The Courier News from Blytheville, Arkansas on April 13, 1951 · Page 1
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The Courier News from Blytheville, Arkansas · Page 1

Blytheville, Arkansas
Issue Date:
Friday, April 13, 1951
Page 1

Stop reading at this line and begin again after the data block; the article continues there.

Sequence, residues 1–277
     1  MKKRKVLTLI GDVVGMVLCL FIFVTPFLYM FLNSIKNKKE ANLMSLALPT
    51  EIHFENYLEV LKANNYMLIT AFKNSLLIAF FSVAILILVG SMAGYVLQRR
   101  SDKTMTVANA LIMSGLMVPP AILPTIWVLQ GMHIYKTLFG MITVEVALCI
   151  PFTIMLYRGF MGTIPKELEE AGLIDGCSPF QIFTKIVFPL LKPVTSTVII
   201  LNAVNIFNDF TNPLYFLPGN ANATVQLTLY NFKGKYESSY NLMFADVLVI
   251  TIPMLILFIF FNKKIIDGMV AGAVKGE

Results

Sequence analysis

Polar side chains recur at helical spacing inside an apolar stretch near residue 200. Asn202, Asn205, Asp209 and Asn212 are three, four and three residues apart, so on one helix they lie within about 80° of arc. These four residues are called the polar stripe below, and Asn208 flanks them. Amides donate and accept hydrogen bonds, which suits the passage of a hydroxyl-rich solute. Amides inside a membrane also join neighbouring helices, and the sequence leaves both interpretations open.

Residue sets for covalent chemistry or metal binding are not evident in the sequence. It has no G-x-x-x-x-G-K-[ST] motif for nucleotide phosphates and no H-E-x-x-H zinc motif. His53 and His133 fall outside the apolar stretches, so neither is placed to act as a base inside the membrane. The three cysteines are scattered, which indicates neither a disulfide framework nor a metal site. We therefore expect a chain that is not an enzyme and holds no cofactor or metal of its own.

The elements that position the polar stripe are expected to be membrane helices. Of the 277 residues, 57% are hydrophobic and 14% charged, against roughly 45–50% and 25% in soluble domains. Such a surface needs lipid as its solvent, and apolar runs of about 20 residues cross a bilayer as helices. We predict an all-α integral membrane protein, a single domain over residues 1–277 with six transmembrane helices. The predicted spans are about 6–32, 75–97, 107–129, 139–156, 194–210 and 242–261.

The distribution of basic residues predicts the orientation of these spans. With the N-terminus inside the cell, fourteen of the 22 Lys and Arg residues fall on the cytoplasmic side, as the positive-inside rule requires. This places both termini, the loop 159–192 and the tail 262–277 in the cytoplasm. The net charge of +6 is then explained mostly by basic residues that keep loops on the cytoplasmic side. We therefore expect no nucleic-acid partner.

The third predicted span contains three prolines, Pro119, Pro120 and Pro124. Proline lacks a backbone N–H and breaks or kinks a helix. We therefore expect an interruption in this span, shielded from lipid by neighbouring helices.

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J BLYTHEVILLE COURIER THE DOMINANT NFWRP4PFD r.» «„„.,...,. VOL. XLV1I—NO. 21 BlythevUle Courier Mississippi Valley Blytheville Herald THE DOMINANT NEWSPAPER OF NORTHED i AND SOUTHEAST MISSOURI BI.YTHBVIUJi, ARKANSAS, FRIDAY, APRIL 13, 1951 lions^wh'JsTso J W*rTare'batUir° VER K ° KEAX DEAD -° nited «a«oj« banner (right) and flags of 15 na- Piesslve ceremonies dcdicaled the final"resting place for^iw soldie'rs' "ka^^Ko^lAP ''wJephrto)]™' Owner Says Water 'Utility Not for Sale new sewer Mr. Johnston's answer was contained in a letter made public this morning by Mayor Henderson, it was in reply to a letter written by fne mayor March 31, in which i i Johnston was asked to set a "fair and reasonable purchase price of the system." The negative reply was not unexpected here. Mayor Henderson .said March 30, after the City 1 Council voted to ask Mr. Johnston to set a price, that the query would be "a waste of time." That feeling was shared privately by several aldermen and it was pointed out tli'at 4 \Ir. Johnston probably wduld not be interested in parting with his investment in the water company. This was the tlieinc of Mr. Johnston's explanation as to why he did not. want to sell. "^last complelcd all ihls •,S<*n^tfijclioh—and I have gotten „ quite a kick out of developing the mi; plants! do not want to sell it." "'.Mr..Johnston wrote Mayor Heiider- ' son..'';•*:- —.- -- ^^---:^- - ••'- ~- ;•.-. . Purchase Not Ruled Oul'' However,. Mr. Johnston's answer >cioesi not necessarily'rule out.'pin'-' • chase:.of the water ^company as. a means of financing a new sewer system. Acquisition of the utility .by*the city has been recommended so that income from it could be used to retire debts Incurred both in purchasing the waterworks and constructing the sewer system. " ! Act 324 of 1935 provides that when a utility accepts a franchise from a municipality,, it automatically consents to future purchase by that city. There are two methods by which the city could acquire the water company, both of which have been explained previously. One method involves an election to ratify or reject a vote of the city council to buj the. utility. This vote by the council must be preceded by a public hearing. Following ratification oy the voters, the Public Service Cocn- ||. mission resolves any disagreement on the price and fixes the cost and any damages. The second method involves „ condemnation suit filed In circuit court. A jury then determines the amount of damages to be paid by the city to acquire (he utility. The city council then passes an ordinance providing for a revenue bond Issue sufficient to pay these cosU and damages. Acfion Expected Tuesday The Arkansas Supreme Court in 1945 held that the acts containing these two methods represent cumulative authority for purchasing n waterworks and provide alternate ways of doing so. After more than a year of discussion and survey, the City Coun- See UTILITY on 1'agc 12 Weather Arkansas forecast: Generally fair this afternoon, tonight and Satur- system is not for sale. Mrs. McCormick Denies Getting Company Funds By HAKOLD NANCE (Courier News Staff Writer) Airs. Willie Floy McCormick tool; the stand to testify m her own behalf this morning as the defense began to wind up its part of her trial on a charge of embezzling more than !><l,lOO from Blytheville Propane Company The trial began Monday mornin<>+ in Circuit Court here- with Judge Charles W. Light of Faragould presiding. day. A little warmer Saturday and !i" [ remc so «t>™*st. portion to- Missouri H art | y d(n|clv tonight, becoming cloudy again Saturday with occasional rain by Saturday night; slightly wanner Saturday; low tonight 1 in 30's; hl°h Saturday 4J northeast to 55 southwest Minimum this morning—.(i. Maximum yesterday—48 Sunset today—6:30! Sunrise tomorrow—5:28. Precipitation 24 hours to 7 am today—none.. Total since Jan. 1—17.32. Mean Icmpcrature (midway between high and low)—44.5. Normal mean temperature for April—61. This Dale l.ast Vcar Minimum this morning—32, Maximum yesterday—63. Precipitation January i to this date— J7.1J. Mrs. McCormick's name has appeared as Willie Plo jn all-.of tlie records of the state, but she made a point of spelling out Ihe middle iia.nie.Khep she first took the stand at. 10 Ihls morning. She pronounced it as though it were spelled Flo however. •She was still on'the stand when court recessed for noon. . Mrs. McCormick did most or the talking, with her attorney, Claude Cooper, asking few 'questions She insisted that she had handled certain accounts differently than others on the instructions and orders of A: R. Olsen, general manager of the firm. , Says She Didn't Gel Money She said that she did not get any money from Ihe company that did .not belong to her and that she brought money from the Meyers Bakery account to Mr. Olsen and that it did not get In the reports "I don't know what Mr. Olsen did with the money," she testified. In answer lo Mr. Cooper's questioning, she said she did not get a list of her duties, but believes that about "everything" was .her duty She was in charge of the bookkeeping, she said. When asked aboul Mr. Olsen's duties, she said he tildn't say when she first went lo work there but that she assumed he was in full charge "Did he ever give you to understand that he was boss?" Mr. Cooper jiskccl. "He did," tlie defendant replied "Once I nskcd a customer about his account and he said it was paid to Mr. Olsen. t asked Mr. Olsen about it. to keep rny books straight, and he said 'I am boss here and I will do as I please. If yon want to do as you are told, you can be cm- ployed here.'" Cites Instructions In her statement, Mrs. McCormick said thnt the Ulytheville Propane Company had loaned 51.375 to the Arkansas Ice and Storage Company (which has about the same stockholders! to pay that company's propane account. "Just before r was no long«r employed there." the defendant said. "I got a letter from Mr. Hill (Alexander liill. principal stockholder in both companies! to drop that amount from my books" "You can't just drop a large sum from your books," Mrs. McCormick continued. "That's no way lo run a business." The defendant IcU the sland to show some of Ihe records to the Jury and continued to stand close to the jury box for some time, H. O. Parl- low. the prosecuting attorney ob- jecled to."Ihe witness staying out of the witness stand and crawling in the fury box to argue." Mr. Cooper Insisted thai the dc- thc jury Judge Light Instructed the witness to lake the stand cx- 7th Fleet Can Sail Where it Damn Well Pleases, Admiral Says 'rAIPEI. Formosa, April 13. ia>) -^Vicc Arlm. Harold M. Martin today reaffirmed U.S. determination to protect Formosa from Communist invasion. And 140 American carrier planes roaring low over this Chinese Nationalist island added emplm-sls to his words. The U.a. Seventh Fleet commander lold a news conference. , "I hope Hie Chinese Communists interpret our movements exactly as we mean them—that the Seventh Fleet can exercise the influence of seanower anywhere we damn well-please. ..." cept when she was actually pointing out the records. In answer lo previous testimony that Mrs. McCormick had suggested discontinuing the practice of listing all checks on the deposit slips, she said she marie Ihe suggestion because the checks were listed In several other places and she did not see why all that work should be repeated. Denies Typing Ki']inrls Also in answer to previous testl mony that Mrs. McCormick hat, prepared all the reports, she said she had not lypcd them, that they were too long for one person to type in the lime she had. In regard to the Meyers Bakery account, which Is the one that had been altered on the records, Mrs McCormick testified "If Mr. Hill would produce his records that T sent lo Little Rock, we would find thni Ihe Meyers Bakery account and checks had been on the first reports and hnd not, disappeared from Ihc reports until I was told to re-type them am) fake the Meyers Bakery account off." Tells of Kcmnviiig Account "Vou were told lo take the Meyers Bakery account off the reports?" Mr. Cooper nskcd. "Yes sir, I was." "Who told you to take them off?" "Why, Mr. Olson. No one else could have given me such Instructions," the defendant said. "On Ihc Meyers Bakery account it was handled as If it was never :hcre—as if it never happened." Mrs. McCojmick testified. "The tickets were lislei! on the report for Mr. Hill's sake, Mr. Olsen said." according lo Mrs. McCormick's testimony. "Mr. Olsen said Mr. Hill knew all about it," she continued. "1 was aware of the fact that I ers Bakery account. Mr. Olsen was See TH1A1, on Pace 12 Cooter Lions Club Provides Exams For Children with Visual Defects Five needy Cooler. Mo., school :hildren with visual detects were ^xamlned here yesterday by a Blytlicviile eye. ear, nose and throat specialist—courtesy of the Cooler Lions Club. Dr. Jack Webb said he examined the five yesterday and that 15 more vcre scheduled to be senl here by the Cooter Lions for examinations. The children arc those found to have visual defects in sight checks given Cooler pupils by the Lions Club. The examinations here arc lo determine (he type of eye trouble and recommend treatment. If glasses are needed, they arc provided for the needy youngsters by the Cooter Lions. Chris Wentzcll is president of the Cooter civic club Heavy Enemy Air Assaults Expected 5 B-29's Lost; Reds Are Withdrawing A I I • I • • . _ *^ Allied Units Progress Near Reservoir Area; Pull-Back Is General have been shot down in Korea. '" le «n"ouncemcnt was made after an Air Force briefing olhcer discoscd the loss of two of the big bombers in an air battle with Red jets near the Yalu River lost lo enemy air action in prior engagements, it was announced None of the tiiree earlier losses the Air Force said, was from ground fire. No dates were given, but iire- -umably they were recent losses. Red Chinese withdrawals in North Korea Friday coincided with paring Ihe way for heavy air strikes t Ihe advancing Allied ground On the ground, Allied troops supported by heavy artillery fire, gained a key ridge south of Hwa- chon Reservoir on the central front. Remnants of the North Korean division still were entrenched on the reverse side of the ridge, but the main body of Ihe Red division had withdrawn northward, leaving their well-entrenched positions. Artillery p ajs Off Hard-hitting artillery paid dividends all along the east-central fronl, and the Reds began to pull back slowly before all Allied units in this area. Other Allied troops operating south and southeast of the reservoir pushed forward Friday against light resistance. U. N. forces lunged up one slope so rapidly they overran a completely equipped Communist aid station. The withdrawing Reds were setting up a main defense line anchored to the reservoir, a major source of pre-war power for Seoul and Soulh Korea. Withdrawal Ii General The Red withdrawal; appeared to Bids Are Sought For Postal Job Cierk-in-Charge Position at Air Base Branch Open Postmaster Ross S.. Stevens loday announced that bids for the position of clerk-fn-charge at the Rir base branch of the Blytheville Post Office will be accepted until 2 p.m April 22. The contract will be for a two- year term and the clerk-tn-charge will operate the branch post office within the Veterans Housing Quarters area. Holder of Ibi.s contract will be required lo furnish, in addilion to adequate space, all necessary equipment for postal service, including money order, registry and parcel post (ordinary, Insured and registered) service and sale of all postal supplies. The postmaster also said the contractor must transport mall to and from the main pos^office here and maintain a general delivery section for housing area residents, other facilities the contractor must provide include a sign. safe, heat, light ami all clerical service required of a postal unit. Mr. Stevens said. A persona] bond also must be made. Mr. Stevens pointed out that the contractor should have access to a large truck or trailer, since transporting Ihe mail will hfclude all samples of cotton addressed to the Production and Marketing Admin- islratlon's cotton classing office at the air base. Single loads often amount to 200 or more sacks of sample cotton, he said. Tbc contract will extend from July 1. 1!)51, lo June 30. 1052. Mrs Molly F. Rolcson Is the present clerk-in-charge. New York Stocks 1:30 p.m. Stocks: A T& T : 152 U2 Amer Tobacco 63 3-4 Anaconda Copper '..'.'. 41 5-g Beth Steel si; |_2 Chrysler *. 51 Coca Cola in Gen Electric :....'.'.'.'. 55 5-8 Gen Motors 53 1-4 Mmiteomery Ward 71 1-4 Y Central 20 1-2 t Harvester 34 J C Penney g? Republic Slccl 433-4 Radio 20 1-4 Socony Vacuum 281-4 Studebaker .. 33 i-g Standard of N J 1093-8 Texas Corp 947-8 Bears U S Steel Southern Pacific '-'• 66 3-4 N.'O. Cotton Open High Low 1:30 May --July Del. in progress all across the central front. On the west-central from. Allied forces were engaged with 300 Reds A lank-infantry patrol entered Yonchon. seven miles inside North Korea, but found no Reds and withdrew. U. N. forces on the western front = B " ' " the new mander, Meet. , b( "' wi U. S. Eighth Army com- Lt. Gen. James A, Van NEW 8TH AHJIV COMMAND- KK—Lt. Gen. James A. Van Fleet left Honolulu late yesterday for the Korean War front and his' new command as head of the U. S, Eighth Army. Ho was expected to arrive In Tokyo today. (AP Photo) Senate Croup Asks for Facts- Mac Arthur Invited To Talk on Policy WASHINGTON, April 13. (AP)—Gen. Douglas M«c- Ai-tnur today was invited, to appear before the Semite Services Committee to''discuss American'nolides East •-••-• •-"-• •' '•• .Chairman. fi,ussell- (D-G>,); announced Ihe invitation In a statement saying: "The American people are Entitled to know all of the facts' 1 !!!^ volved—except those which not be released for reasons-of security—about the clash- in policies advocated by President Truman and-Mac Arthur in Asia. House Republican leader Martin <Mass) said loday that if General MacArtlmr doesn't address Congress next Wednesday or Thursday, he will moke Ills first public speech in New York. MacArthur, relieved of his Pacific commands by the president. Is ready to fly lo the United States, and is expected early next week. He has indicated through an aide his willingness to appear before congressional groups. LImilert Forum Assured The move by the Armed Services Committee assured that the general will have-at least a limited congressional forum for his views. Republican leaders in Congress have been Insisted that MacArthur should be asked to address a Joint Senate-House session. Meantime dcnt sentiment was reportedly being renewed and the president of Remington-Rand, Inc., confirmed Bel! Telephone Co. Offers Pay Raises ST. LOUIS, April 13. IIP, — The Southwestern Bell Telephone Co. has offered its 50.000 employes pay raises ranging from .« to $0 a week But officials oJ the CfO commun-' nations workers say that 11 other proposals tied in with the wage offer "would take away working conditions the union has had for many >y.^rs." reports that the" o'uitcd „... ,„,. become an executive with his firm: Senator McParland of Arizona, the Democratic leader, said no final decision on giving MacArthur a congressional hearing has been made. He said he had talked lo House' Sneaker Rayburn of Texas about the matter and fer with him again. would con- Stratemeyer Warns Foe Ready to Strike UN from Manchuria By RIISSKI.I, BRINKS TOKYO, April 13. (AL')-Ll. Gen. O J lie U. S. Par Kast Air Koi-cc.s, cliief said the Commun- ' t A " icd gl '° 1 " 1 lro °l» n ™ "n- course is to blunt the attack once it Is launched ... we must be constantly alert." His warning came in an interview after history's biggest jet buttle, American \vnrplane.s shot down or damaged 33 Russian-type Mig- War in Korea At-a-Glance Hy T1IK AKSOCIATKI) I'RESS TOKYO—Deposed Gen. MacArthur will fly lo U. S. Monday reportedly In fighting mood to challenge President Trimum who fired him. Spokesman spys MacArthur wants to expound Ills views before Congress; denies MncArthur's policies would extend Korean War as President Truman charged. KOHKAN 'FRONT—New Supreme Commander U. Gen. Matthew B HJdgivay at front after conferring with MacArthur. Allied troops advance cautiously into North Korea. Troops wielding fininc-Uirowcrs drive stubborn Reds from pillboxes on western fronl. Chinese continue »*r«n*e new tactic of hidc-iivd-JeW, ^^PP^.^^ng ill' one sectnr, '.'toiuv- Ing;tip IiiVanbtlier. Red "resistance falls oft In Uwachon Reservoir sector. WASHINGTON' — Admlnlstratlor leaders reported willing to go along with limited invitation for MacArthur to, give his version of Par Eastern controversy. Republicans press for two-house liearlng. Furore steps up MacArtluir-for-Prcsldent boom. M'Arthur to Fly Home Monday TOKYO, April 13. In'/— General MacArthur will fly to the United Stale* Monday In a fighting mood to challenge the President who fired him over war policy. This became clear today when his spokesman said MacArthur wants to minimize war, not expand It. MaJ. Gen., Courtney B. Whitney's statement, undoubtedly approved by Mac-Arthur, carried an implied challenge . to President Truman on an issue boiling throughout the United Stales and world capitals. The issue: whether to limit the war to Korea and hope the Chi- -nesc Reds eventually agree to a peace or to carry the war to Heil China by, bombing its Manchurian bases and opening a second fronl with Chiang Kai-shek's Nationalist troops. The President advocates the former. MacArthur the latter. Gcrt. M'Arthur to Join Typewriter Firm, Says Remington Rand Official FORT MEYKRS, Fin., April 13. ta>>— The president of Remington- Rand, Inc.. says General MacArthur will become an official of the typewriter and business equipment firm within 00 days. fn a statement last night James U. Rand said the ousted five-star general would become a member of the board and take an active part In the firm's affairs. "MacArthur will be as great an a«et to this country In peace as he has in «a,.".Rand's statement observed. "The officers of Rern- luplon-Rnnd wil] be proud to have him as a working associate." Red Cross Still $6,950 Short Of 1951 Quota The Chickasawba District chapter of the American Red Crass lacks $0,350 In Ihelr ]Mi fund campaign, according to J. L . Gunn, campaign chairman. To date the drive stands at $11.604 80. according to E. p. still, luntl chah-man. The chapter's quota la 518.500. Mr. still announced that the fol- owms Icams have reported contributions during the past 5evcra | *cc ItKI) CROSS on l'j«c 12 ' 5S "°rth«esl Korea in that llian 225 fighters and bombers took part in the 20-minute battle. PEAP, revising enemy losses upward, said the American planes destroyed eight Migs, probably destroyed seven more, and damaged 18. All American planes were reported safe. Two damaged superfortj landed In Korea. .100 Tons of Bombs During the fight the siiperforli dropped 300 Inns'of bombs on their target, it was the biggest single bombing of a bridge by stlpcrforU In this war. Stratcmeyer said the Reds are hastily building and improving A scries of airfields as stepping stone* between Manchuria 'and Allied front lines. ; Some Red plaiies may penetrate the Allied fighter screen and 'hit United Nations ground, troops, he said. ,' : "We must be prepared for it. "There Is unmistakable evidence that the Communist, : a!r force is contemplating a marked Intensification of Iheir operalloas In and over Korea.',' , :. . ; Indications Listed These arc major indications of' the buildup: : ' 1. Exlslliig!.itlr.tle|<}s. between the • Xatu River ,:ihd;AlHcil •frdui''.tuiea mcnts ami', camouflage being'con- slruclcd." : 2. Six or more new airstrips, "capable of supporting limited staging operations for Red fighters arc in the process of being scraped out of the rice paddles" in North Korea. 3. An Increasing number of Reel Mig-15s have been'sighted on the strategic Antung airfield. Stratemeyer said the newly-built mid reconditioned Red airfields In North Korea were a throat even before aircraft are sighted on them: "If the gasoline and ammunition arc there. Red fighters can fly from home bases beyond the Yalu, quickly refuel and rearm at their advanced North Korean strips and then hit almost without warning at our ground force positions." Washington Roundup— By The Associated Press WASHINGTON — The United Slates today turned down a proposal by Britain to bring Chinese Communists Into the preparations for a Japanese peace treaty. WASHINGTON — Srcrrlnry of Kcfcmr Marshall .said iod.iy lie "strongly recommends against" a proposal (o double tbc nullioriicil strength of the Marinr Corps. WASHINGTON — The government lias ordered Into service a materials control plan similar to one used during World War fl. Effective July 1. it will channel scarce steel, copper and aluminum to defense and essential civilian industries. 3rd Legislature Meet Hinted .osslbllity of another special scs- McMnlli.^wou'ld ^n "t \^-am^r°h SUte sa ' C5 tax for ttle P" hlic schools sloi, of (he Arkansas ij>0i<iinti!.-n •>»..•!.: ' *..- .... . ' tujn piisn 'i-t-.i. j- .; ft . ;n Arkansas Legislature appeared today. Sen. F. C. Crow of Hope hinted at the possible special session In Senate debate >vcr the school financial problems. Crow predicted that this extra- Crude 'Altering' Said Deliberate x I ' ITn ' E ROCK, April 13. MV-r.n Arknlls;ls House commitee ycstcr- •,* day he;ir<1 a House officer say he 7-8 believed alteration of a House rc- - cord had been done In hopes that the tampering would be discovered Chief Clerk Ted McCastlaln said doctoring of Ihe House Journal to show an emergency clause on the liberalized" slate purchasing law had been approved when actually 3947 •M85 It !iad 595» job. • rejected wa s , "crude - not , anything for (lie schools. "I suspect we will be back here in" ailcicd Crow. Crow was speaking againsl a resolution criticising McMath for the governor's promise that the Legislature would provide an additional ss.iOO.COO for the schools. The re^olulinu *as introduced by Sen. Max llo-xcll of Little Rock Howcll taid tlie governor's promise had caused some schools to over spend in hopes Ihe legislature would help them out. Governor McMath called, the lawmakers Into special session last Monday to provide more money for schools. He asked tor an additional $24,000,000 during the 1D51-53 blcn- nlnm and about 50,100,000 between now and June .10. Without the money, .said the governor, many schorl will close early this year. The Senate ha* approved a proposed one cent increase In the state sales tax for the public schools This is the bill education leaders hope will be adopted at the special sCMioii. They figure the proposed Increase of Ihc s ata> tax from two to three per cent will" jive the schools aboul S12,000,000 a year. However, the sales lax bill lias a rough road ahead, in Ihc House The House virtually has cd Its own sales lax "increase proposal through adoption of several amendments. •A vote on Ihe Senate bill has ocen set for Tuesday. WASHINGTON _ The House may rrarh a final vole loiiay on the liittcrly i..., K l,| b||| to II-HIT the ilrafl aj;c, extend the Icnstli of military service ami provide for a security training corps. W ASI 11 NGTON—President Tru man's hotly disputed plan to sub- jm ttie fieconstruction Finance Corporation to a drastic manage- •ncnt shakenr. healed for a showdown Senate vote today. WASHINGTON - Tlu- House (jii-.Vmcrican Activities rnmmit- ICv. totlaj' called screen writer Paul ./.irrlni for questioning aboul an .illc?ci! attempl lo prevent anolli- rr witness from informing on fellow Communists in Hollywood. Ricks' Record Sought LITTLE ROCK, April 1:1. <.1\~ The military record of BriR. Gen. Earl Hicks, deputy chic! of Die National Guard Bureau, was requested today by an Arkansas Senate , .—., Committee investigating Hie slate I July civil defense and military depart-[Oct. Soybeans July SCP Nov .......... 33.1 .......... 3J3 .......... 325 . .......... 300'- 333 33.1 32,V New York Cotton menls. Dec Open High Low 1:30 4539 4539 4539 4539 4484 4490. 4480 44S9 39S2 3393 3956 3969 3SW 3900 3889 3901